Guantanamo Bay has been a huge recruiting tool for extremists. They correctly point to it as a prime example of US hypocrisy.

    Being a former US Marine, I have no sympathy for enemies of our country. However, I find it frustrating that the panic over terrorists behind every door has turned Americans against our own ideals.

    1. Readmikenow profile image95
      Readmikenowposted 2 years agoin reply to this

      I don't think there were any peaceful people in Gitmo.  As a former Marine you must realize it held people there that had killed, planned to kill or desired to kill you and your fellow Marines.

    2. ronbergeron profile image85
      ronbergeronposted 2 years agoin reply to this

      We can assume that, but since there were no trials, we really don't know. It's not uncommon for the wrong people to get scooped up in a raid. It happens all the time in the civilian world. It can certainly happen in the fog of war as well.

    3. Readmikenow profile image95
      Readmikenowposted 2 years agoin reply to this

      The detainees at Gitmo were NOT part of a civil crime.  You said it yourself, "fog of war."  War is different.  There's no CSI team after a battle.  Are you going to interview the enemy? Military trials are the only way. This is war on foreign soil.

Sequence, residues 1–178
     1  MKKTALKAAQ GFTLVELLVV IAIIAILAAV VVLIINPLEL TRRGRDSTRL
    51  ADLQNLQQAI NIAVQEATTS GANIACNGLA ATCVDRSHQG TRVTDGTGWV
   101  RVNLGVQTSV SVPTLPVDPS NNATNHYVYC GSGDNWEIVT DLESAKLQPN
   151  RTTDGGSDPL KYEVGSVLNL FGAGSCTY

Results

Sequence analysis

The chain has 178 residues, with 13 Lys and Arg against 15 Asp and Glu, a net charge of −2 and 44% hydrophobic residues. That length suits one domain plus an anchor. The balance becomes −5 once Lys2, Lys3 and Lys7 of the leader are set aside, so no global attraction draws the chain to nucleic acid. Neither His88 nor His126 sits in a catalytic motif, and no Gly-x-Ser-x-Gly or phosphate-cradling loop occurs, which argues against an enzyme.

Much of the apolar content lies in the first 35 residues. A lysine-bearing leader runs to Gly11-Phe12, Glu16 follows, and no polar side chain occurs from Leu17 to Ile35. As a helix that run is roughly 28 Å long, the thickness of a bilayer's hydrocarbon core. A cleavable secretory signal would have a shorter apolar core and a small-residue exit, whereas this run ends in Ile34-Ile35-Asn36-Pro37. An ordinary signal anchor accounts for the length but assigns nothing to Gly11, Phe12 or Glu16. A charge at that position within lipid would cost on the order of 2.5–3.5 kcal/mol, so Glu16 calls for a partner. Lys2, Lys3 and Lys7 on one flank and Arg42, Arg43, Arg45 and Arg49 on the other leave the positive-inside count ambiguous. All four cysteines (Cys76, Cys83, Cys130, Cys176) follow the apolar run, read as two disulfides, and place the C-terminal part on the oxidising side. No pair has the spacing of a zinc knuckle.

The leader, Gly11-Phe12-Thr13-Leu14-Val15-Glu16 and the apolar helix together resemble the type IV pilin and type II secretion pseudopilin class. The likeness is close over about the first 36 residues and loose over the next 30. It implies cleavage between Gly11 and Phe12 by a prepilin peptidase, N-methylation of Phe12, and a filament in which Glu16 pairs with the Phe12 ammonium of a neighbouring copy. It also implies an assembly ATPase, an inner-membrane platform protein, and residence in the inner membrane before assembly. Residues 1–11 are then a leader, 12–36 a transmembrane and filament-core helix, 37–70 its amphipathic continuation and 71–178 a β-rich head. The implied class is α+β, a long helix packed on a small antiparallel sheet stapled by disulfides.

4. ronbergeron profile image85
      ronbergeronposted 2 years agoin reply to this

      Of course you're going to interview the enemy. It's called an interrogation. I have no problem with a military trial as long as it isn't delayed indefinitely. Many of the people nabbed in the raids had all charges dismissed after being held for years

    5. Readmikenow profile image95
      Readmikenowposted 2 years agoin reply to this

      So we go to enemy shooting and bombing our military and ask if the person we have captured actually engaged in killing our soldiers? Will they confirm this person is planning terrorist activities? I don't think that would work very well.

  4. tsmog profile image81
    tsmogposted 2 years ago

    The U.S. had an internment camp in Iraq from 2003 - 2009, which was Camp Bucca. During that time period 100K different men passed through it. At its peak were 26K. They were both Sunni (much more) and Shiite (much less). ISIS is Sunni.  Remember . . . that number while pondering the suggested estimate of ISIS combatants ranges from 35K to 200K.

    The current ISIS top leader was held there - Abu Bakr al-Baghdadi. Released in 2004 he was a model prisoner for ten months. As he walked passed the gates when freed he said, "I'll see you guys in New York". At least two other of the Top six were held in Camp Bucca. Supposedly that is where the alliances of the less than major 20 key leaders were formed.